Perfume can enhance or it can overwhelm. Many people are highly sensitive to perfumes and scents and some of us simply don't want to smell like a gardenia, patchouli, or the entire perfume counter. If you need to remove perfume or excessive odors from detergent or fabric softeners, we have a few tips that will help.
Remove Perfume From Washable Clothes
Some scents are much more difficult to remove from laundry than others.
Fabric softeners and dryer sheet odors are some of the worst because the product uses a silicone formula that coats every fiber. This is what makes them feel smooth and soft, but it can also be overwhelming.
This method may not remove all of the odor on the first try, but it is the most economical and reliable way to attack unwanted scents. Keep in mind that this is for washable fabrics only.
- Air out the clothes. Hang the scented clothing—even newly purchased clothing—in the open air. If you can’t hang things outside, hang it up in a breezy (you can use a fan), warm, and sunlit room filled with lots of green leafy plants. The plants will help absorb the odors. The length of time the clothing needs to air out depends on how saturated it is with scent and the sensitivity of the person wearing it. It may take as little as a few hours or as long as a couple weeks.
- Soak the clothes before washing. Soak your clothing in a sink or washing machine filled with warm water and one cup of baking soda before washing. Be sure the soaking vessel is large enough to completely submerge the smelly garment. Overnight is usually a sufficient amount of time, although some people will suggest as long as a few days. Rather than a long soak, it is probably more effective to repeat the airing–soaking–washing–drying cycle several times, if necessary.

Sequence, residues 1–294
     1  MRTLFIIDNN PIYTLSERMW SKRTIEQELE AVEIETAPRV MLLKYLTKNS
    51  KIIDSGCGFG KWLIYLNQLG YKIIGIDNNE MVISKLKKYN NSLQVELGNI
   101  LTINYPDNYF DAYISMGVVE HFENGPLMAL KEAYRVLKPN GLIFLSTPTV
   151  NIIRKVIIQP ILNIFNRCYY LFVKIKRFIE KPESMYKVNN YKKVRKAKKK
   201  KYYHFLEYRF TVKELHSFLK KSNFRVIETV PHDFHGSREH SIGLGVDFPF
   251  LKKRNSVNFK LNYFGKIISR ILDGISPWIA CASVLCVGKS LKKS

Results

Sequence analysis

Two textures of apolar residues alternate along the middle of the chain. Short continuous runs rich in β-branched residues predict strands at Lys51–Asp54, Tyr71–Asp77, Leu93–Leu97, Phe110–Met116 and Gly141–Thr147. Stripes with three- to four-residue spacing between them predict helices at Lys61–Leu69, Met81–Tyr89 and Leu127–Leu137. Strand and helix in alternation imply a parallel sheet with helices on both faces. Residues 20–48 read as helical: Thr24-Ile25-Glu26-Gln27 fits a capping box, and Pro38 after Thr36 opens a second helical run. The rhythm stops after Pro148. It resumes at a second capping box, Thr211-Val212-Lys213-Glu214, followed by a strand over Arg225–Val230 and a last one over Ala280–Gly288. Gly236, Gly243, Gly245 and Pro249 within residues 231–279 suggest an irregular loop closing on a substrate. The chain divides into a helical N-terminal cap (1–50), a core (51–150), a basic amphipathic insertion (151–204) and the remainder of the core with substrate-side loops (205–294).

- Wash the clothes. After soaking, wash the clothing as usual following the care label guidelines, either in a clothes washer or by hand with an unscented laundry detergent. Add one cup of distilled white vinegar to the rinse cycle and stop the cycle. Let the laundry soak for an hour before completing the rinse cycle. To ensure that all the detergent has been rinsed from your clothing, select your washing machine’s extra rinse cycle if it has one. Don't add anything—just water—to this extra rinse.
- Dry and air out the clothes again. For the best results, dry the freshly washed clothes on a clothesline or clothes rack in the fresh air and sunlight. Sunlight will help remove the odors, but bright sunlight can cause dyes to fade; hang dark colors in the shade. The line drying will also provide a final opportunity for clothes to air out. If you must use a clothes dryer, use a low-temperature setting like the permanent press option. Excessively high temperatures can actually cause any remaining odor molecules to adhere more deeply with the fabric.
- Store the clothes properly. If it is time for a change of season, you really should not store clothes away with a strong perfume odor. But, if you must, you can place the fragrant garments in a sealed plastic tub or heavy-duty plastic bag with a box of baking soda. Leave them sealed for a week or so. The baking soda will absorb the odors, just like it does in your refrigerator.
- Repeat if necessary. Generally, one pass through this process will effectively remove smells and irritants in most clothing. If your clothes still have bothersome odors or are chemically irritating, you can repeat the process as often as necessary.
Remove Perfume From Dry Clean Clothes
If your clothing is labeled as dry clean only, air it out just as you would for washable clothes.
If the garment is unstructured and can be hand washed, follow the same steps as above. Be sure to use the right detergent and the correct methods for hand washing. The baking soda and distilled white vinegar will not harm the fabrics.
You may find that a fabric refresher like Febreze, which is offered in both scented and unscented formulas, may remove odors from dry-clean only garments with great success. Take the clothing to an outside area and spray it lightly and allow it to continue to air out. Febreze will trap odor molecules and keep them suspended until the garment can be cleaned.
When you take the items to a dry cleaner, tell them about the odors and about any fragrance sensitivity that you may have. Some dry cleaning chemicals can also contain perfumes.